After their college sporting “glory” ends? Well, for 99% of them there’s no pot of professional “gold” waiting at the end of the rainbow. No sports agents, no adoring fans, no multi-million dollar contracts. No Nike endorsements.

Do I have empathy with my academician colleagues who must make their own judgment “calls” on how much or how little to compromise with student-athletes over missed class and lecture time? Of course. The phrase is student-athlete, not solely athlete or exclusively student.

But long after they forget lectures about biological bacteria and they will, or about how many US Federal Departments there are (15 by the way) and they will, they will much more likely remember the lessons about life, teamwork and leadership that collegiate sports provides. And about compromise that allows students and faculty to each be respected and feel good about choices they made in life at any age.

women's v ball

Long after college, I’ll remember how this shot felt!

Here’s hoping Hannah and her teammates, the Lady Falcons, spike the heck out of the ball in Toledo, Ohio where the national championships are being held. And upon her return she spikes her Biology final for an “A.”



13 thoughts on “Professor to Fail Student for Playing Volleyball. Spike that, Kid.

  1. As a former NCAA All-American student-athlete on scholarship it was always a challenge juggling grades and sports. If I ever got less than a B grade the scholarship was over. Thankfully I was able to keep up my grades up but the reality for many of us is work, work and then a little more work. Maybe this volleyball player was failing anyways, who knows? But as you make clear the vast majority of us are never getting Nike endorsements or going pro. But our accomplishments will stay with us forever!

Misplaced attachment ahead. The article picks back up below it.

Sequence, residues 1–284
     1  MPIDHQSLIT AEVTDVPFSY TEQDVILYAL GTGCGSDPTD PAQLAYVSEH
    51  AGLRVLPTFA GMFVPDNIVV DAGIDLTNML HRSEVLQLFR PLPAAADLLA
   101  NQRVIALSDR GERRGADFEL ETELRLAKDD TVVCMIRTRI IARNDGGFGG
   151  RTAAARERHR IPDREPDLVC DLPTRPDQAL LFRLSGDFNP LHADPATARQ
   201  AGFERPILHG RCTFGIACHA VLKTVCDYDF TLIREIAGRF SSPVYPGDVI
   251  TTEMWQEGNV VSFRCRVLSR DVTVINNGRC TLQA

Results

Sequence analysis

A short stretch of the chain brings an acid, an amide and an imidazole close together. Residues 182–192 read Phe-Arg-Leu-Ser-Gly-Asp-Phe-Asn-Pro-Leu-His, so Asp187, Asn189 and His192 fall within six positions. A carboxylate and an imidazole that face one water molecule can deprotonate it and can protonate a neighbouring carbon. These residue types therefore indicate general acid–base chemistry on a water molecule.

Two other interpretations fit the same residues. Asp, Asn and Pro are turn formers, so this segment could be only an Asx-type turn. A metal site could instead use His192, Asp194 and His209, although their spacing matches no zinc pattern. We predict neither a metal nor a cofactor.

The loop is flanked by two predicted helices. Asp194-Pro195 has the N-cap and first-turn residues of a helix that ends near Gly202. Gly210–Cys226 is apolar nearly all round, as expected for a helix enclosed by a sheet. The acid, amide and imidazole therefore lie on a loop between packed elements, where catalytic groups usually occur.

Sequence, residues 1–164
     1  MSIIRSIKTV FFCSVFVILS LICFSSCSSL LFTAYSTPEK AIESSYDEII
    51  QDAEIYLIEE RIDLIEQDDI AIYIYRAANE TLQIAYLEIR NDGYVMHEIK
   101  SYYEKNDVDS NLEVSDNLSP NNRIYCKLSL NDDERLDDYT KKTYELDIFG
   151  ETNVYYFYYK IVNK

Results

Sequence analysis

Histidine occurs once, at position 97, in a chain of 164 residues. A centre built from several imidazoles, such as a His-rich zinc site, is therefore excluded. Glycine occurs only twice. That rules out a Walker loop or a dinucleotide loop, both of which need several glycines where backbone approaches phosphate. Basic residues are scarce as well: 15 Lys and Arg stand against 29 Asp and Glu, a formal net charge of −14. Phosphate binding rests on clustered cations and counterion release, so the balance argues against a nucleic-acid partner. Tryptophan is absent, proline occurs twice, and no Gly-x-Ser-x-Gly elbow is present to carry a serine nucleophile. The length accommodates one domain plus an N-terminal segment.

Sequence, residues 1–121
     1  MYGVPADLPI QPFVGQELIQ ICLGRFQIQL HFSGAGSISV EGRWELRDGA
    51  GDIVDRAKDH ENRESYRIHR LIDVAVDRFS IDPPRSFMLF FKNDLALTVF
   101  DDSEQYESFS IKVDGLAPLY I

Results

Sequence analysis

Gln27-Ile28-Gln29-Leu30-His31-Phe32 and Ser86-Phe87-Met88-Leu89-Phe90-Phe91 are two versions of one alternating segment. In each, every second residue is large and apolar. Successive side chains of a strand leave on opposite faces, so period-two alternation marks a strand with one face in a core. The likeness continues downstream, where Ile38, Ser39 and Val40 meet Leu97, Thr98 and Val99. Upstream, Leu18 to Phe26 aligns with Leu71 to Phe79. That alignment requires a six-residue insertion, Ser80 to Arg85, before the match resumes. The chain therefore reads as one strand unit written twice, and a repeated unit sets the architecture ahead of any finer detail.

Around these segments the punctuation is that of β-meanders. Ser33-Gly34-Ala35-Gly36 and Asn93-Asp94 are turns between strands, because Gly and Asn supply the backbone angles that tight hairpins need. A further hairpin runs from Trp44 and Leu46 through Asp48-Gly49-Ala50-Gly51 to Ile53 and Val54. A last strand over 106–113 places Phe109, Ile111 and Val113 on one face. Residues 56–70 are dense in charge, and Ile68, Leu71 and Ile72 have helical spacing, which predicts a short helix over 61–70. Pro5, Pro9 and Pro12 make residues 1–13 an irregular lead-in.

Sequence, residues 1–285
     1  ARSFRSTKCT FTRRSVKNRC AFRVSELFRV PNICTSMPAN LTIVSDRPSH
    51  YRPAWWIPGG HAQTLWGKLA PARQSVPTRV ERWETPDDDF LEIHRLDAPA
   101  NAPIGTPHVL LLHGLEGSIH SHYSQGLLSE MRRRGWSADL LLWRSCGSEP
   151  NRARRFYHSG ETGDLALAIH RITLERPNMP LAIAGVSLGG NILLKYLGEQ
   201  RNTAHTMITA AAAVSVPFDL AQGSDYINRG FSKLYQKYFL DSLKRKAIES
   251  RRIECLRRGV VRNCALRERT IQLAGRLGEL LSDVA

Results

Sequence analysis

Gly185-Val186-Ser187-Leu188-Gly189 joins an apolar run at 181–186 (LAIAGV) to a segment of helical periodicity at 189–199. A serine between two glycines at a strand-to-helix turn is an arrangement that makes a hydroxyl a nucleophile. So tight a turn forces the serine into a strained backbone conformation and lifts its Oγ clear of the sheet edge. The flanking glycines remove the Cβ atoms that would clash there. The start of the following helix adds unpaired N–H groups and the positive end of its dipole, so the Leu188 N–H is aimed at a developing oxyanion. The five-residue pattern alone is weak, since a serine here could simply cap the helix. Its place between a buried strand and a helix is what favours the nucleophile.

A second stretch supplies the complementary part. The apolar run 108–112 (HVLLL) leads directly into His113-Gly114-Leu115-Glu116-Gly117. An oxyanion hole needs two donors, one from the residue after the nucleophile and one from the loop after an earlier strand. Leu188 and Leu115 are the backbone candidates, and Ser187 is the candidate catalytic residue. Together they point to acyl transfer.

2. Cara Robinson says:

    This seems a bit ridiculous to me. I’m in the Honors College, and I’m not saying it’s exactly like being a student-athlete, but there is a similarity in which both groups have requirements they have to fulfill in order to receive a scholarship. Honestly, without the money I receive from scholarships, I would not be able to attend college, and I understand this student’s willingness to do what she needs to do to keep the scholarship. I especially don’t see any problem with a student missing class for an excused reason if he or she is completing the work in a timely manner. Plus, VSU has a six class minimum that you can miss and still get credit, so far Hannah has only missed three. As long as she is keeping up with her work, and managing to balance the precarious life of a student-athlete, she should be allowed to stay in the course without any penalties.

  3. Taylor Holder says: